stated that those acts "neither furthered the conspiracy nor manifested it in existence or operation, and therefore the conspiracy is not shown to have come within the territorial jurisdiction of this court." See, also, United States v. Biggs, D. C., 157 F. 264; United States v. Biggs, 211 U.S. 507, 29 S. Ct. 181, 53 L. Ed. 305; United States v. McLaughlin, D. C., 169 F. 302; Lonabaugh v. United States, 8 Cir., 179 F. 476.
There are many decided cases illustrative of this principle. In Rose v. St. Clair, D.C., 28 F.2d 189, 191, where one Rose, acting in conjunction with a local organization, gave an exhibition in a theatre in Pittsburgh, Virginia, of films of the Tunney-Dempsey prize fight. The films were seized by the United States Marshal under a search warrant and the court ordered the films returned to Rose. Later, an indictment was returned alleging a conspiracy to violate the federal statutes prohibiting the importation and interstate transportation of films, showing a pictorial representation of prize fights. The overt act alleged to have been committed was in publicly exhibiting the films. The court, in holding that the exhibition of the films within the jurisdiction of the court did not constitute an overt act to effect the object of the conspiracy, clearly distinguished between such acts and acts subsequently done that could not have any effect in the formation and existence of the completed conspiracy in the following language:
"In the affidavit the 'object of the conspiracy,' within the meaning of the conspiracy statute, is confused with what may be conveniently called the ultimate purpose of the conspirators. The object of the conspiracy was to violate section 1of the act of 1912; the ultimate purpose of the conspirators was to publicly exhibit the films in Virginia; and this clear and unavoidable distinction makes necessary the conclusion that the object of the
conspiracy had been fully and completely effected when the interstate transportation of the films had been completed. It also follows that the subsequent exhibition of the films in this city, while it was an act done to effect the ultimate purpose of the conspirators, could not have been an act done "to effect the object of the conspiracy.' When the object of a conspiracy has been fully accomplished, no act subsequently done can possibly be an act done to effect the object of the conspiracy. To speak of an act done after the object in view had been fully accomplished as an act done to effect such object is an absurdity.
"It seems clear that the films were used 'as a means' of giving the exhibition which was being given when the affidavit was made. But Congress has never attempted to forbid the exhibition of pictures of prize fights, and, as the exhibition was not an act done to effect the object of the conspiracy, the use of the films in giving the exhibition is in this case without legal significance. The exhibition was merely an act (not declared to be a crime) done after the object of the conspiracy had been fully accomplished."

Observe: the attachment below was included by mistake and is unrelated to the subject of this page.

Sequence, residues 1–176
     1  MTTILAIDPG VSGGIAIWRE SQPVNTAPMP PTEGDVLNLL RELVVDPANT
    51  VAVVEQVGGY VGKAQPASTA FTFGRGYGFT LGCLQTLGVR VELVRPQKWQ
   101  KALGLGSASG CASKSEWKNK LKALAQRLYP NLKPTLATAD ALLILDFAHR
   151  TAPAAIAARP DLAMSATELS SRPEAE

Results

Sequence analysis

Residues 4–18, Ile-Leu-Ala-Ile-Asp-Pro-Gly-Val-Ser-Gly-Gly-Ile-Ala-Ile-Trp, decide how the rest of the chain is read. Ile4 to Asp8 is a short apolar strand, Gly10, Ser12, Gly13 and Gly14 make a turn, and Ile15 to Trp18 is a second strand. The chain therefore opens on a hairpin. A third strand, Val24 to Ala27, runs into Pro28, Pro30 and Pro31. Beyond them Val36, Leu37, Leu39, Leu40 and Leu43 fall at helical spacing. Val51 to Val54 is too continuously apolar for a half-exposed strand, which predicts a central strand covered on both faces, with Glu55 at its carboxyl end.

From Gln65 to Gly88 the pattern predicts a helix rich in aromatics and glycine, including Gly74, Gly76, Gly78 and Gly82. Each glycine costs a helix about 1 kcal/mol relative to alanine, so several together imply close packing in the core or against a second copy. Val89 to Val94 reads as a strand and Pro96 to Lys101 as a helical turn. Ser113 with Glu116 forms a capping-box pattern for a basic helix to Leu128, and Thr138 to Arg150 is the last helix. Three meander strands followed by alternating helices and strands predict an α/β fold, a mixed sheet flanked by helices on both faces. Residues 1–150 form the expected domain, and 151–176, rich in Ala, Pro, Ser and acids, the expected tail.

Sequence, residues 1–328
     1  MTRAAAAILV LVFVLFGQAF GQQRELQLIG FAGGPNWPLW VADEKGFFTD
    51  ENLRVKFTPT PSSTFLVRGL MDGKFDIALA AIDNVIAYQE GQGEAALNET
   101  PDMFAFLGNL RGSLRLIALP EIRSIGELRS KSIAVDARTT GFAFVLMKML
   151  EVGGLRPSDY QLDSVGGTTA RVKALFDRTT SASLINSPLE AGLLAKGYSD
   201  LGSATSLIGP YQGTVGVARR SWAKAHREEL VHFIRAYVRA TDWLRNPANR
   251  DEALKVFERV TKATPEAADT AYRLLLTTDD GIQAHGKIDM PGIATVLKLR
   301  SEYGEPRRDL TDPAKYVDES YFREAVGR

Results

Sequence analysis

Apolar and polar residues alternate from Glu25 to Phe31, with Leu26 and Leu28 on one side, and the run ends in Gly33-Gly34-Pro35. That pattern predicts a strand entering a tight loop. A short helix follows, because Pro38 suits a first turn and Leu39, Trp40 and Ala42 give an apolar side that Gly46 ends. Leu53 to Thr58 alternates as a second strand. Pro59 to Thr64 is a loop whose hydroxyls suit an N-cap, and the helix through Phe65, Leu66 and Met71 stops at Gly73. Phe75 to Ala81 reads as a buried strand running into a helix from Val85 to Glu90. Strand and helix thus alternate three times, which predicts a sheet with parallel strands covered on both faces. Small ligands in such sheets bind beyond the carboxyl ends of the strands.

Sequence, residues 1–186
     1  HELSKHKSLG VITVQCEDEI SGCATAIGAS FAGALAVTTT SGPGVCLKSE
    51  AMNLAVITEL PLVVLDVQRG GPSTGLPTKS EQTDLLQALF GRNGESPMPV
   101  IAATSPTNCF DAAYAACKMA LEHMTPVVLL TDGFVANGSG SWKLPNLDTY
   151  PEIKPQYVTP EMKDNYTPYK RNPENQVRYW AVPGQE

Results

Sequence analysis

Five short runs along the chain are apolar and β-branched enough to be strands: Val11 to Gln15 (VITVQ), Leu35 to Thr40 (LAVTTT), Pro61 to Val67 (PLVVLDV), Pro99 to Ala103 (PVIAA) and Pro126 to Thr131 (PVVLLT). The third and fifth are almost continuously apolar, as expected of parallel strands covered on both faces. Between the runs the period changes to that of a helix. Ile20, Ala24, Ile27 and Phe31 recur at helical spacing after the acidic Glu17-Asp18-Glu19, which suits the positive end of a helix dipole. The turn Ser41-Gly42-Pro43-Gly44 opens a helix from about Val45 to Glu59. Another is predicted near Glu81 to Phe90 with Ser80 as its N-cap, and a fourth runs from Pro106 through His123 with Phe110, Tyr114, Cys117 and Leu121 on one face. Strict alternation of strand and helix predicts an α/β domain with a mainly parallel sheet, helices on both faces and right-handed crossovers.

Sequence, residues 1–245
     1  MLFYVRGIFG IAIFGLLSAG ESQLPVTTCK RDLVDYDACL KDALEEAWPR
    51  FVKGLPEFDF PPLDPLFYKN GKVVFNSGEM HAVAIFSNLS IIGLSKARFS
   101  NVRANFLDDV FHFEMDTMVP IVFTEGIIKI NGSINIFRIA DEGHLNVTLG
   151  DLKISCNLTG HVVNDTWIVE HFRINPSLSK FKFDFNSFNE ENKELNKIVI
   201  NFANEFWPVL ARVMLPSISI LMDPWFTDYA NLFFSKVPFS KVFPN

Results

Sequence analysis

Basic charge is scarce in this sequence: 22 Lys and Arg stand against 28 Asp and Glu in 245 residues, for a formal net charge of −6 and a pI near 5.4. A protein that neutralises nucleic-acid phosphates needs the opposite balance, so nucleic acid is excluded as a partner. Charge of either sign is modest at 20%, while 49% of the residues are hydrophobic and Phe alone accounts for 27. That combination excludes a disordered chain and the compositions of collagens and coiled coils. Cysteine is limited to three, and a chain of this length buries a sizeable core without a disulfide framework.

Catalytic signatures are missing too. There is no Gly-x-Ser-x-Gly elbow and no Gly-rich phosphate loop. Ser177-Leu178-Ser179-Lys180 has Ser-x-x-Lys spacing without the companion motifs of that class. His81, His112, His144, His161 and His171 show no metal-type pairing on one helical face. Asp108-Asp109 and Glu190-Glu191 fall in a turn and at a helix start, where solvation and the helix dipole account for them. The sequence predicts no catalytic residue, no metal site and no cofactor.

See, also, Lorenz v. United States, 24 App. D. C. 337, 387; Id., 196 U.S. 640, 25 S. Ct. 796, 49 L. Ed. 631; Ware v.United States, 154 F. 577,84 C. C. A. 503, 12 L.R.A., N.S.,1053,12 Ann. Cas. 233; Id., 207 U.S. 588, 28 S. Ct. 255,52 L. Ed. 353; Jones v. United States, 162 F. 417, 89 C.C.A. 303; Id., 212 U.S. 576, 29 S. Ct. 685, 53 L. Ed. 657.
When the adoptions were made and the contracts executed, the conspiracy was complete and the overt acts necessary under our statute as an ingredient of a conspiracy bad already been performed. The object of the conspiracy had been attained. The alleged conspiracy thereafter ceased to exist.
Sales of textbooks thereafter made were not overt acts as contemplated by the charging statute. People v
Williamson, 280 Ill. App. 93; Brown v. Elliott, 225 U.S. 392, 32 S. Ct. 812, 56 L. Ed. 1136; Ex parte Black, D. C., 147 F. 832; Feder v. United States, 2 Cir., 257 F. 694, 168 C.C.A. 644, 5 A.L.R. 370; Lonabaugh v. United States, 8 Cir., 179 F. 476, 103 C.C.A. 56.
Where the act relied upon as the basis of the local jurisdiction is not an act relating to the execution of the conspiracy, but is merely a result of a conspiracy formed and its objects effected elsewhere, the same is insufficient to extend the statute of limitation and the local jurisdiction must fail. Tillinghast v. Richards, D. C., 225 F. 226; De Luca v. United States, 2 Cir., 299 F. 741; Rose v. St. Clair, D.C., 28 F.2d 189; United States v. Great Western Sugar Co., D. C., 39 F.2d 152.
The Supreme Court of North Carolina in the case of State v. Mitchell, State Bank Examiner, et al., 202 N.C. 439, 163 S.E. 581, 583, in its opinion used language which very appropriately applies to the instant case.